Why has the A List grown so much this year? Does this show an increase in environmental action, or is it methodology changes?
This year the A List is over 300 companies, a 45% growth from 2019. To have such a significant increase, especially in such a challenging year marked by COVID-19, is very encouraging. A key reason for this growth is that we have seen a significant growth in companies disclosing this year – 9,600 companies disclosed through CDP in 2020, which is up 14% on last year. This is an important step in its own right as more companies are choosing to be transparent and share their data with the market.
As for methodology changes: there have been some minor changes to the climate methodology in 2020 which broadly balance each other out, no major changes for water, and the forests scoring methodology was made slightly more stringent. This change is likely driven by growing environmental concern and pressure from the market, governments and the public.
Do CDP scores show transparency only, or environmental performance as well?
They show both, depending on the score level. CDP considers transparency of disclosure to be fundamental to environmental performance, so companies need to first provide a high level of completeness at disclosure level to be even scored on awareness level, and need to perform well on that to be scored on management, which they need to achieve to be considered for leadership level.
Management and leadership levels (B-A scores) require demonstration of good or leading environmental performance as well as transparency.
Are companies doing enough to combat climate change and other environmental crises?
The fact that there are more A List companies this year does indicate growing corporate environmental awareness across the board and greater action for forests and water security. This is particularly impressive given the immediate pressures on companies this year from the COVID-19 pandemic and its economic fallout.
However, it’s important to put this in context – the business world as a whole is not doing anywhere near enough to deal with environmental risks, and this is reflected in the fact that a massive 74% of companies score a D-C score. Even more concerning, 3,700+ companies failed to disclose any data when requested by investors or customers, and over three times this many failed to disclose (so received an F) for at least one theme.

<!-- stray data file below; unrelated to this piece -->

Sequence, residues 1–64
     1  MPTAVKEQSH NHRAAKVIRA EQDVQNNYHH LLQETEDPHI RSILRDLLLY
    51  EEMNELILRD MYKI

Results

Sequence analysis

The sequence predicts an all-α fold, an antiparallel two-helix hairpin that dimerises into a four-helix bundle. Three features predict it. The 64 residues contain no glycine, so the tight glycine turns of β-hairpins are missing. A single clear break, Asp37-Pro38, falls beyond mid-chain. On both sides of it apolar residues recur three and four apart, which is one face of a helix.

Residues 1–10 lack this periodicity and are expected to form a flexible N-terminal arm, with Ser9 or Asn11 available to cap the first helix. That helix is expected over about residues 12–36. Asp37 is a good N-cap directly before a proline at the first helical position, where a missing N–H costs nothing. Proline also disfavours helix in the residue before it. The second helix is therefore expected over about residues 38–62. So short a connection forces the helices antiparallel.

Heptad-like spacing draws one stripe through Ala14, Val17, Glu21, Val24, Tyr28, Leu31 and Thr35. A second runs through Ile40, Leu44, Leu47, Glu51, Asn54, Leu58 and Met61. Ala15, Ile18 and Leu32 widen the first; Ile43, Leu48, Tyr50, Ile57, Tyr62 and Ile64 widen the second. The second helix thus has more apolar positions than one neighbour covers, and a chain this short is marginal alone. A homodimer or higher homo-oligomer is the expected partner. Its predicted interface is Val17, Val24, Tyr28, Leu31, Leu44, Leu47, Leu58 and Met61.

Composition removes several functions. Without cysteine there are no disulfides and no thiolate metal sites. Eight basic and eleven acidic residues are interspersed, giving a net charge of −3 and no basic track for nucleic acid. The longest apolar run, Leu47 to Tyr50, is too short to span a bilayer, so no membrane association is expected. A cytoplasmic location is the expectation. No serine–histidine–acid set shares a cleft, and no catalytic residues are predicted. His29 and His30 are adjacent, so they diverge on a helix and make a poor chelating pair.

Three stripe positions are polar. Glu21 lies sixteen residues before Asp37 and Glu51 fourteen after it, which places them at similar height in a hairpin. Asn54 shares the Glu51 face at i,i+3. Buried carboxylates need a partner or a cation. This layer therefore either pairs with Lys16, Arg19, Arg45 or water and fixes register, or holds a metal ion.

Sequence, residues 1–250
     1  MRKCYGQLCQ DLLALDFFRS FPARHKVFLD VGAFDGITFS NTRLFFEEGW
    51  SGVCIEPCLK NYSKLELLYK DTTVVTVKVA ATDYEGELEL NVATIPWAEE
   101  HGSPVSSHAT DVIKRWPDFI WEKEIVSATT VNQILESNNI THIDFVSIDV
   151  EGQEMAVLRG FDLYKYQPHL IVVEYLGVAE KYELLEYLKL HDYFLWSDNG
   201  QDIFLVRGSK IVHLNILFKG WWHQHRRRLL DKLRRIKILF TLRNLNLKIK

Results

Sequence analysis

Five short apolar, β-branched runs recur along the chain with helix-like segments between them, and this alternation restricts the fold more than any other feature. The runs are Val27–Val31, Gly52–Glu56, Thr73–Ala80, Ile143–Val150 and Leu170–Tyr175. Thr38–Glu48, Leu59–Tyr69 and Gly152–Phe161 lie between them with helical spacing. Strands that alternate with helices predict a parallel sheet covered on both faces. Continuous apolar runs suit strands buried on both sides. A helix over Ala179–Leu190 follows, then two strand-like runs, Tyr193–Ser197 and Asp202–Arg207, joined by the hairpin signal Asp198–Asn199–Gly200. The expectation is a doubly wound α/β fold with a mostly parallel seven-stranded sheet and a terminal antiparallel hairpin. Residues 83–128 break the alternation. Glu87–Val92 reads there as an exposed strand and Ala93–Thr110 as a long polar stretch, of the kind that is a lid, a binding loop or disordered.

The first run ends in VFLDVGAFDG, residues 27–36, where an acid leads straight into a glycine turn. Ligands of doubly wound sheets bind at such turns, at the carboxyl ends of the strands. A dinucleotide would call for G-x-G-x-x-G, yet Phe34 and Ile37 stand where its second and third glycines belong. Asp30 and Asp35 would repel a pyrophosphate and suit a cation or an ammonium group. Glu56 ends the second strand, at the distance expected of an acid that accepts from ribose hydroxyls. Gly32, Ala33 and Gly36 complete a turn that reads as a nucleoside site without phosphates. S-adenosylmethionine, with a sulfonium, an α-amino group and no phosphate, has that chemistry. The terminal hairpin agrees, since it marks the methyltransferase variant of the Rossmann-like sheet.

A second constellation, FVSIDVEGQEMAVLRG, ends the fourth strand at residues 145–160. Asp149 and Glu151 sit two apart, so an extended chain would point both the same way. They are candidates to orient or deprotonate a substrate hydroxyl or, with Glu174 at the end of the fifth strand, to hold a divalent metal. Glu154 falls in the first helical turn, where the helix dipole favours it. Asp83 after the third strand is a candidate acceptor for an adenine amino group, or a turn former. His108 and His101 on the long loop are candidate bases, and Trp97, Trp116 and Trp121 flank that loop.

Globally, we need emissions to halve by 2030 and reach net zero emissions by 2050 at the latest. While we see an encouraging increase in environmental awareness among companies this year, it still doesn’t match the scale and urgency of the climate and ecological emergency.
How has COVID-19 impacted the disclosure and scores this year?
The COVID-19 pandemic has had severe impacts on the economy and society, with many companies under enormous immediate pressures. In recognition of these challenges, CDP decided to extend the disclosure deadline this year by one month, giving companies extra time to prepare their disclosure response. Early on in 2020, many people were concerned that environmental sustainability would take a back seat this year as business would be distracted with immediate challenges from the health and safety of employees to disrupted supply chains to collapse in demand due to social distancing measures in many countries. However, we have in fact still seen a rise in the number of companies disclosing and the number achieving an A score.
For some, the pandemic has shown how fragile the global economy is and renewed calls for a more resilient and sustainable economy. In May 2020, 155 business leaders called on governments to align the post-COVID recovery with the transition to net-zero economy. However, we need to remain cognizant that there is a lot of variation in how companies have been affected, by country and sector, and some companies will have struggled much more than others, including with their ability to thoroughly report their environmental actions progress.